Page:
House Passes Fix for Economically-Damaging Rule in Health Care Law
Union Leaders: Health Care Law "Destroys the Foundation of the 40 Hour Work Week"
(Washington, D.C.) – The House of Representatives today approved legislation to address a serious negative effect of the Affordable Care Act (ACA), also known as Obamacare. Specifically, the law imposes penalties on certain companies based on the number of full-time employees, with a full-time employee defined as someone who works more than 30 hours per week. To avoid these penalties, many companies are expected to reduce hours worked by some employees below that 30-hour threshold. The Save American Workers Act seeks to repeal the 30-hour rule, and define a full-time position as one requiring 40 hours of work per week. This would allow companies to permit employees to work a 40-hour week without facing the penalty.
While supporters of Obamacare often claim to want to "fix" the problems with the law, a majority of the law's supporters voted against this common-sense measure. If not corrected, more and more workers are expected to see their working hours reduced. This controversial provision is strongly opposed by many union leaders. An open letter from these leaders says that the President's health care law will "destroy the foundation of the 40 hour work week that is the backbone of the American middle class." Supporters of the health care law have argued that allowing Americans to work 40 hours per week would add to the federal deficit.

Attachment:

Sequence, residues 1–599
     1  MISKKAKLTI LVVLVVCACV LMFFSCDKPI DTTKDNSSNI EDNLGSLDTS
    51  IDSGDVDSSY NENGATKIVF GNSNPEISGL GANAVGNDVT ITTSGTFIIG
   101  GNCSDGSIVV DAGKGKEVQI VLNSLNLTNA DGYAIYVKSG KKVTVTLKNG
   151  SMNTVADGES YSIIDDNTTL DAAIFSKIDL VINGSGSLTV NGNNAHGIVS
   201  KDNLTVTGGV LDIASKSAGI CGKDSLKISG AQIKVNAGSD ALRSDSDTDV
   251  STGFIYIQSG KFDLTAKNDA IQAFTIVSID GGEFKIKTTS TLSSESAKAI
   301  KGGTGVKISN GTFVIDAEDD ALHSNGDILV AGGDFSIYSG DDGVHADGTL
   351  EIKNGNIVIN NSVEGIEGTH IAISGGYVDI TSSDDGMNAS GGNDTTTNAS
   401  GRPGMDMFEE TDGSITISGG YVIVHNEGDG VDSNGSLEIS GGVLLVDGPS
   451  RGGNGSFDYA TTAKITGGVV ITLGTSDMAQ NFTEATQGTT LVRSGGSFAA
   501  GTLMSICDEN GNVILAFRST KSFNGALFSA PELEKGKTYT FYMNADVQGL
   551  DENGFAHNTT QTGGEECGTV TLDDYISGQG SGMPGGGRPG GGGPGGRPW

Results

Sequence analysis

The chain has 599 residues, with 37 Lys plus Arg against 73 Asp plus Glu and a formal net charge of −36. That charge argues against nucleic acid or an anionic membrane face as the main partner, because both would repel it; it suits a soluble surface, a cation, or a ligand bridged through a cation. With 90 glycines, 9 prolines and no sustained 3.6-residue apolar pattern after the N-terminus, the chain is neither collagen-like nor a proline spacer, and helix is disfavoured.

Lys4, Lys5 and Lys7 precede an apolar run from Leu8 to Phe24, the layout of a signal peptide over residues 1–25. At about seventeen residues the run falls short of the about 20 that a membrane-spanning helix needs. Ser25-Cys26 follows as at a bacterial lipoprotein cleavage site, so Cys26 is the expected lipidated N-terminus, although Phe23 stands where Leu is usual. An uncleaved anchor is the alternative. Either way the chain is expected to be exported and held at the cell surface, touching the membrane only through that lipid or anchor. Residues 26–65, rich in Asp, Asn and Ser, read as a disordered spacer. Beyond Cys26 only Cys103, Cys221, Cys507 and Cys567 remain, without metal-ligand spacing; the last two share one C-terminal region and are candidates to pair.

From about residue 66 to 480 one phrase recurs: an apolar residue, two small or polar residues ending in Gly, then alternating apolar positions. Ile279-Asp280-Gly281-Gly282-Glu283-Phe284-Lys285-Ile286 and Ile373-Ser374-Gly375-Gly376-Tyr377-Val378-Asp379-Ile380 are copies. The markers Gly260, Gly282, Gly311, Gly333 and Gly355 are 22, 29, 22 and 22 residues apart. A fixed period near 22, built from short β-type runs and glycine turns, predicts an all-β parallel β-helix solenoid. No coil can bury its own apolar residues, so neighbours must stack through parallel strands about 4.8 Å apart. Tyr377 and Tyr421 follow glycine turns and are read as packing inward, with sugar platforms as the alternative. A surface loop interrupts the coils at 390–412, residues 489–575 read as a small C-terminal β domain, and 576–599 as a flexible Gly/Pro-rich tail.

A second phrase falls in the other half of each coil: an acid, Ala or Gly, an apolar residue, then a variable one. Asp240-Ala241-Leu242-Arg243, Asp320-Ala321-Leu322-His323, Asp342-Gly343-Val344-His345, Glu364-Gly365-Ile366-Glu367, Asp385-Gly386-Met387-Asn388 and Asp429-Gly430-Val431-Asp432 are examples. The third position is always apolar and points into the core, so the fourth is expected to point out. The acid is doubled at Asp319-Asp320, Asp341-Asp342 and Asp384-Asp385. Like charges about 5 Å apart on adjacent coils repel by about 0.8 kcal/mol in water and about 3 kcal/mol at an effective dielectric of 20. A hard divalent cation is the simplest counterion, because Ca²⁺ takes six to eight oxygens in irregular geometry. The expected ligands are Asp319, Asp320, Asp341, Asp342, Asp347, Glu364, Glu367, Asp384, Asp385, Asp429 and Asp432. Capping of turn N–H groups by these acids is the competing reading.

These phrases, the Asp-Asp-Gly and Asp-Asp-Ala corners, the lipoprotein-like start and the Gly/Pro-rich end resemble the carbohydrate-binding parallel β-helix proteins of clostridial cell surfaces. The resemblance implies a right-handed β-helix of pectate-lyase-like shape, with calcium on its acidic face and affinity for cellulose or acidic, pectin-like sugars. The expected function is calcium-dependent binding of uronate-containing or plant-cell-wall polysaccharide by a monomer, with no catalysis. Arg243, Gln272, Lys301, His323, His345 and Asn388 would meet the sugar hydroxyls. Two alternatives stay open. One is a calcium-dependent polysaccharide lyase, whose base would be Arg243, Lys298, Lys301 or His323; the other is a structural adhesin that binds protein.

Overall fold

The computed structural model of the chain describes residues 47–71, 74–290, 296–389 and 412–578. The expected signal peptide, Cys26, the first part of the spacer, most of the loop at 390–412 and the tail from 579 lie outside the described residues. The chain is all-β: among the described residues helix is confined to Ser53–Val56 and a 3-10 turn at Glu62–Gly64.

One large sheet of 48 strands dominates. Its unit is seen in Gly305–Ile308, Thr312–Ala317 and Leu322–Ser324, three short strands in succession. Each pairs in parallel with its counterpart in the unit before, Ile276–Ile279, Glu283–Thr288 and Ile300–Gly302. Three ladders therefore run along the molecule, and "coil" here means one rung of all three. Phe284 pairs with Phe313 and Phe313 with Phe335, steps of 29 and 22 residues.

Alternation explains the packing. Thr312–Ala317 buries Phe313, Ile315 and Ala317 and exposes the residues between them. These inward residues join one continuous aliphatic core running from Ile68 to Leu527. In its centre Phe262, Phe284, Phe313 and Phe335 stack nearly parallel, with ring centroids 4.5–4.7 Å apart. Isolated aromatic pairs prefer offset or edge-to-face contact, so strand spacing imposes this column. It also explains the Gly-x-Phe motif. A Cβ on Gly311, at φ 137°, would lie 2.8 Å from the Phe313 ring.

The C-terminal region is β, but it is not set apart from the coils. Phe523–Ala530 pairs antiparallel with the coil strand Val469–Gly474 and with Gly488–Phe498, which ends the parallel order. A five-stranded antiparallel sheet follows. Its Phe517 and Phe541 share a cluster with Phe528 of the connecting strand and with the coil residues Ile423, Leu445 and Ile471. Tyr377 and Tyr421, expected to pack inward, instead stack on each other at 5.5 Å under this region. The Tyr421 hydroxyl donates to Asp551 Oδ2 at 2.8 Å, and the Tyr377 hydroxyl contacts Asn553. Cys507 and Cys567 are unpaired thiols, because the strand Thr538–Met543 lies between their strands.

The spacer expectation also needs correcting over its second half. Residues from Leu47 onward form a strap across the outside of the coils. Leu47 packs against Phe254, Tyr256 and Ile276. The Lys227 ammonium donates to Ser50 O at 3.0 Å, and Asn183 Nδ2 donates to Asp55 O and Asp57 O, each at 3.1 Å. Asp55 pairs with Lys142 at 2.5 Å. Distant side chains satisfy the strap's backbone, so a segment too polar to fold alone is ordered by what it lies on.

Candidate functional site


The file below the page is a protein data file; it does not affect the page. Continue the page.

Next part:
Daniel Garza, Executive Director of The LIBRE Initiative released the following statement:
"The American people want jobs and economic opportunity, and we applaud this effort by the House to repeal a particularly onerous provision of the new health care law that threatens that. Former supporters of the Affordable Care Act are coming to realize that unless the President and his allies in Congress get serious about fixing health care, the painful consequences of Obamacare will threaten the prosperity of an already struggling middle class. Too many working families count on a full-time job to support their families. A politically-motivated health care law should not interfere with it.
The United States Senate has repeatedly refused to consider changes to the law. However, the measure that passed the House today is a bipartisan move that deserves open debate on the floor. The job of legislators is to safeguard the interest of the people. It's time for the White House and their allies in Congress to listen to the American people."